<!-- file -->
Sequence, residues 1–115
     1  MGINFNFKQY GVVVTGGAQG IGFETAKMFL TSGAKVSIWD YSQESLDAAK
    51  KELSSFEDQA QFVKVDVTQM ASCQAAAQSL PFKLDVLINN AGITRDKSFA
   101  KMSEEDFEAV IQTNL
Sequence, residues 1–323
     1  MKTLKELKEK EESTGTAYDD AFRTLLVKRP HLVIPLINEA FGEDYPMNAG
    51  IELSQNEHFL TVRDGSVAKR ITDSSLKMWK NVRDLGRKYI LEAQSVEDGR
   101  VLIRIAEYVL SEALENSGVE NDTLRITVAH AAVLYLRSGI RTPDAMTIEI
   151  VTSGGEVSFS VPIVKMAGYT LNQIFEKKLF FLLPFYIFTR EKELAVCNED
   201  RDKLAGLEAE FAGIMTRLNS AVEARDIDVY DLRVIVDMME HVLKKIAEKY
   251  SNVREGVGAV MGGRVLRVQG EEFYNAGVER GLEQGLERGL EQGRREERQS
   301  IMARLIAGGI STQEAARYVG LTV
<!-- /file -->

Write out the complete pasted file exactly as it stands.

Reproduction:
Sequence, residues 1–115
     1  MGINFNFKQY GVVVTGGAQG IGFETAKMFL TSGAKVSIWD YSQESLDAAK
    51  KELSSFEDQA QFVKVDVTQM ASCQAAAQSL PFKLDVLINN AGITRDKSFA
   101  KMSEEDFEAV IQTNL
Sequence, residues 1–323
     1  MKTLKELKEK EESTGTAYDD AFRTLLVKRP HLVIPLINEA FGEDYPMNAG
    51  IELSQNEHFL TVRDGSVAKR ITDSSLKMWK NVRDLGRKYI LEAQSVEDGR
   101  VLIRIAEYVL SEALENSGVE NDTLRITVAH AAVLYLRSGI RTPDAMTIEI
   151  VTSGGEVSFS VPIVKMAGYT LNQIFEKKLF FLLPFYIFTR EKELAVCNED
   201  RDKLAGLEAE FAGIMTRLNS AVEARDIDVY DLRVIVDMME HVLKKIAEKY
   251  SNVREGVGAV MGGRVLRVQG EEFYNAGVER GLEQGLERGL EQGRREERQS
   301  IMARLIAGGI STQEAARYVG LTV